As technologists, we tend to focus on a product’s technology itself. How does the software, hardware, appliance, widget, or whatever work? While this is certainly an important consideration, the people who design, build, sell, and support the product may have the greatest impact on the product’s usability.
Looking at the website of any virtualization-related vendor you are considering provides a plethora of information. However, the underlying pulse of any company can be covered up by glitzy marketing. Especially where you are planning to make a substantial investment in dollars, effort, and potentially your career, looking beyond what the sales and marketing teams tell you can provide a true glimpse of what you can expect from the company and the product itself after the contract is signed. People develop and support technology products, and if the employees of a company aren’t energized to create and maintain excellent products, then turnover will be high and product continuity will be jeopardized.
Although documentation is a requirement for all roles that develop technology, there is a tremendous amount of information that is never recorded. When people leave a company, some of its intellectual property walks out the door as well. Consider, for example, a software application or utility that contains antiquated code. Although this may be not be obvious or even troublesome at first, if an issue is uncovered that requires more information regarding a data stream, and the development team has since disbanded, it may be impossible to resolve that issue.
Although this is not the norm, consider looking at the job opportunities that are posted for any technology vendor that is being considered. Job ads will clearly show the direction of an organization, which may be positive or negative. The careers page of every company website reveals signs about the future of the organization; jobs are posted based on turnover, growth, or both. While growth is generally good, unbridled or chaotic expansion likely spells implosion for that section of the company in the not-so-distant future. Few or no job postings are a massive red flag. While turnover in technology companies is typically higher than in other fields, look for some signs of stability based on years of service, satisfaction with company benefits, focus on community activities, fun or unusual perks, and general work/life balance. For example, Splunk states in its job ads that it believes in “hosting amenities and fun activities to fuel our energy.”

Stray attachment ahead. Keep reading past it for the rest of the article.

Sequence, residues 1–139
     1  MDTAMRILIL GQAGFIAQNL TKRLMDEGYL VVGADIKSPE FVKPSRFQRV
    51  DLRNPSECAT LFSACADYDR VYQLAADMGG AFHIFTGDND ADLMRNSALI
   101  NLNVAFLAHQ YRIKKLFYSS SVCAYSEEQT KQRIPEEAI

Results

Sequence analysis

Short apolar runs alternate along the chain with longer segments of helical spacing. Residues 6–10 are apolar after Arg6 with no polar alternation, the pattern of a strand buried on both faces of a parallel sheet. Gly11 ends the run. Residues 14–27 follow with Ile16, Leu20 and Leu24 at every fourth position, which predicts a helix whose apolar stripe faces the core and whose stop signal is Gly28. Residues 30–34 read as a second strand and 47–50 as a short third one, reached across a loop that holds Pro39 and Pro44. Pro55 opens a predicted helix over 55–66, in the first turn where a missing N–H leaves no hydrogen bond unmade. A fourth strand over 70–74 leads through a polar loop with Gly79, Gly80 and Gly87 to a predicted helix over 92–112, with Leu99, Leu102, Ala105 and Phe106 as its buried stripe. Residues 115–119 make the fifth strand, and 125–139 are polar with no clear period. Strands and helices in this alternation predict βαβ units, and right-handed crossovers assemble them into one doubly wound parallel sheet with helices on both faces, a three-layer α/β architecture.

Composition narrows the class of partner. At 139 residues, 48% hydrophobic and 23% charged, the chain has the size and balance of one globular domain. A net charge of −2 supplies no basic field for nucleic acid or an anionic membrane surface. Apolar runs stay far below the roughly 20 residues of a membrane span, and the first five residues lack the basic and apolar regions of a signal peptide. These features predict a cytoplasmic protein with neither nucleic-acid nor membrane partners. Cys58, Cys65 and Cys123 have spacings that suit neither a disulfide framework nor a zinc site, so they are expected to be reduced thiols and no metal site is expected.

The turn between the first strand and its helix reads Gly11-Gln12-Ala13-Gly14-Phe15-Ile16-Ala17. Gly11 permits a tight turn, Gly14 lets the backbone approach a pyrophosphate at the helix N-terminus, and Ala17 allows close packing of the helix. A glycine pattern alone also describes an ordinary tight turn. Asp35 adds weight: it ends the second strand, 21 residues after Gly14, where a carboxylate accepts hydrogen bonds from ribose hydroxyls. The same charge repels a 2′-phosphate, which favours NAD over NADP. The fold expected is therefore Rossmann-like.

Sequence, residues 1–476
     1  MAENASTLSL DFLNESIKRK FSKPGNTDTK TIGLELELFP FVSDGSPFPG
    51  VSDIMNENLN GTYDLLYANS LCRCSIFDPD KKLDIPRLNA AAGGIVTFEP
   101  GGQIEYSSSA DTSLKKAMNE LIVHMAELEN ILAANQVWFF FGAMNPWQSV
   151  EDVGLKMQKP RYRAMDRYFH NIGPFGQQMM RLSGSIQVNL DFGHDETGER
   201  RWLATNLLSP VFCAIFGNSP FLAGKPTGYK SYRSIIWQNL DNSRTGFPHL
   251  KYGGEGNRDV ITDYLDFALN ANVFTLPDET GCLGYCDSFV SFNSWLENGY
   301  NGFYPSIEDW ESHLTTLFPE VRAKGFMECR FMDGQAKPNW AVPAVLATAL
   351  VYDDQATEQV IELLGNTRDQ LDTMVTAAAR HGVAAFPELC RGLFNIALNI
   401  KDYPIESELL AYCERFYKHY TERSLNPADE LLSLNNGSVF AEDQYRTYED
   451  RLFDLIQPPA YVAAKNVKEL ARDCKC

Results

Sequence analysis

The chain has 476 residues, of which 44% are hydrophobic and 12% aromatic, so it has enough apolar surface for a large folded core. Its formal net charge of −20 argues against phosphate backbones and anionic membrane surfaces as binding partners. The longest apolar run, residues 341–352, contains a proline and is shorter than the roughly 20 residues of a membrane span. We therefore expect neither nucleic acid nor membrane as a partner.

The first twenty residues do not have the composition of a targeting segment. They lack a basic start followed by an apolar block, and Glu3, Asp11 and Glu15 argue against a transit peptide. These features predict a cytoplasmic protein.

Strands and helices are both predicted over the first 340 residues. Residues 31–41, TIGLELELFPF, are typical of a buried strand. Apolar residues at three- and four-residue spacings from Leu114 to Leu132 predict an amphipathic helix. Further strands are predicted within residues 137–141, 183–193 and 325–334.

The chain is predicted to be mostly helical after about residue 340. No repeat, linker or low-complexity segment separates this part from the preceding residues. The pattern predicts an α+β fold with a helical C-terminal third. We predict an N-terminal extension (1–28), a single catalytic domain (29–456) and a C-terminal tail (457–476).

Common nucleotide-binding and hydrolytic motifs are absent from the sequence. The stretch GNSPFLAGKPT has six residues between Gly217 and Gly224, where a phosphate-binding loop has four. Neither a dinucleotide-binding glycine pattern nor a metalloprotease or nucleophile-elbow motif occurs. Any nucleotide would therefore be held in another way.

In addition, ask about the technologies that the company provides to its employees from a hardware and virtualization perspective. Does the company eat its own dog food?
Companies that advertise for a large number of college hires may indicate a yellow flag. While such hiring provides a great opportunity for these individuals, the experience level and pay scale are lower, and fresh-out-of-college hires will likely not be major contributors to the company for several years. On the other hand, experienced individuals cost more but contribute more.
It is not uncommon for recent college graduates to be hired in tech support or as vendor consultants. If you are considering engaging a company’s consultants, doing so blindly may yield mediocre results at a high price tag. These individuals have little or no practical experience, yet they are going to tell you how to run your business. Not! Always ask to see the resume of any vendor consultant you are planning to engage. While the individual’s name isn’t necessary, his or her experience level and certifications should be openly provided so that you can ascertain that you are getting a qualified consultant. Several technology companies are notorious for sending junior-level consultants on engagements just because no one challenges them to do better. Letting the sales and marketing teams lead you blindly down the paths of their own consultants may be unwise.
In the end, there’s more to virtualization technology than just the hardware, software, appliance, or widget itself. If the people behind the technology aren’t top-notch and fully engaged, the product will suffer. As a decision-maker for virtualization technologies, you should consider the people behind virtualization technology to be as important as, or perhaps even more important than, the technology itself.